St. John’s House, a former Church of England Nunnery and orphanage, provides a Christian presence and a green oasis of peace and calm in the heart of Alum Rock, an urban multi-faith area of East Birmingham. Or at least it was peaceful until, in May this year, when members of MADD descended upon it and turned it into a phrenetic hive of activity. The six of us, Andrew du Boulay, Roger Tiffin, Neil Pearce, Peter Dane, Ron Porter and myself, had been invited by James and Mel Lynch who work with Interserve at St John’s and have been mission partners with Christ Church since they left All Nations in 2007.
Arriving at lunch time on Wednesday we set to immediately in the garden and house completing tasks such as clearing and decorating a conservatory, removing ugly glass panels from a courtyard area, to let light into the lounge and refectory, clearing patches of garden for planting and compost bins, decorating a conservatory, putting a huge net over the fruit bushes, clearing weeds from paths and lawns, pruning bushes and removing rubbish (and dead rats!) from the garden.
There was more to our stay than work in the house and garden. Our visit coincided with the local elections and St. John’s, being a polling station, had many visitors. A table was set up with leaflets advertising English language courses and other activities that St John’s are running as well as their open day. Refreshments were also available. In turns most of the group helped to staff the table and engage in conversations with the local voters.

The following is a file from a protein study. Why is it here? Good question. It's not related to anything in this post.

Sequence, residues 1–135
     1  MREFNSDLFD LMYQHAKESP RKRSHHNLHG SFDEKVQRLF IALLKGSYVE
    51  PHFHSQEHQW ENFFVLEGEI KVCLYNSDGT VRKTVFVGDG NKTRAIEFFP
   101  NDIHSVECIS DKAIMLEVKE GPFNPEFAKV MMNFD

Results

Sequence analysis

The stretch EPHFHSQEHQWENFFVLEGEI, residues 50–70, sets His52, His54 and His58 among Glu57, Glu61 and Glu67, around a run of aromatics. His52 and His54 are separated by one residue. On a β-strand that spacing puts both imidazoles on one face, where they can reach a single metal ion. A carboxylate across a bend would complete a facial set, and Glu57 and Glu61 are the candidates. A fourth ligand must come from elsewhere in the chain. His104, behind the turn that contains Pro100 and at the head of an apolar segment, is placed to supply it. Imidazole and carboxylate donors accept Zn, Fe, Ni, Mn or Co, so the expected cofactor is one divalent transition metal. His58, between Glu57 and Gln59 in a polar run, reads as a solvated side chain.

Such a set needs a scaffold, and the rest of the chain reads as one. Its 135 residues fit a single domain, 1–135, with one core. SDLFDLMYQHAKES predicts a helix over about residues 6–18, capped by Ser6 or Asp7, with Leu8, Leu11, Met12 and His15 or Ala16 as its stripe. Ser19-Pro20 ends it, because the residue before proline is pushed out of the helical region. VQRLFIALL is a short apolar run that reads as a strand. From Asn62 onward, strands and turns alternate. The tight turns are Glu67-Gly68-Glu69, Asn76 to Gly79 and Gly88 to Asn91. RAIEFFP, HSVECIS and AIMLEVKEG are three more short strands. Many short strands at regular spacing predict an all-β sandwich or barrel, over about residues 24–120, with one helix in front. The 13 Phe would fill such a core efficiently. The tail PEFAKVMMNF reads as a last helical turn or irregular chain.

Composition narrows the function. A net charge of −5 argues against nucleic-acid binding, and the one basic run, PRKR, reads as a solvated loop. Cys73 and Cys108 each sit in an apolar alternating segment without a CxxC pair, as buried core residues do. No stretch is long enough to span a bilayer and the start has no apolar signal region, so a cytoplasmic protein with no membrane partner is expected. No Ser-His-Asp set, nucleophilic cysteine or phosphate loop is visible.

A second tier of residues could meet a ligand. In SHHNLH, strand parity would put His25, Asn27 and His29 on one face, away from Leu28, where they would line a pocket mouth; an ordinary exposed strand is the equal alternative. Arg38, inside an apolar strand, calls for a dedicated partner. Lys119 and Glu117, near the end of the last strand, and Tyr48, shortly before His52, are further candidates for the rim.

While at St John’s, we were also able to participate in a course on how to share Christian faith with Muslims. Part of this involves a mutual understanding of each other’s beliefs. Some of us visited a mosque with the course group, which included a tour and a question and answer session with the Imam. What struck the author was the Muslim belief that if he prayed all night in the mosque he would receive extra rewards at the end of Ramadan.
St. John’s has several times of prayer during the day and the group usually joined in with these, especially the morning prayers and lunch time communion. We also enjoyed fellowship together with a pub trip, involving a walk to outside the Alum Rock area where there were no pubs, and a meal out.
On last year’s trip, we had unearthed a memorial stone for a boy, John Gabriel Whittaker, and Ron had made a cross for him. This year Ron returned with two plaques to complete the cross which is now in the Chapel Garden and stands as a memorial to all the young children who lived at St. John’s during the time it was an orphanage.
Interserve has recently been granted planning permission to move their offices to St John’s and this will be the latest change in its long history. It continues to be the source of Christian witness to the community and an area of greenery in an urban environment. However, some rooms are now brighter, one room is much whiter, the garden is greener, lawns and bushes are tidier and for one boy his journey is now complete.
* Why phrenetic? Ron had a crossword puzzle book and the answer to one clue was frenetic. This did not fit and so Ron put in phrenetic which not only fitted but was the correct answer. Apparently phrenetic is an obsolete spelling of frenetic. I will make no comment as to what this says about Ron’s age.Tags: MADD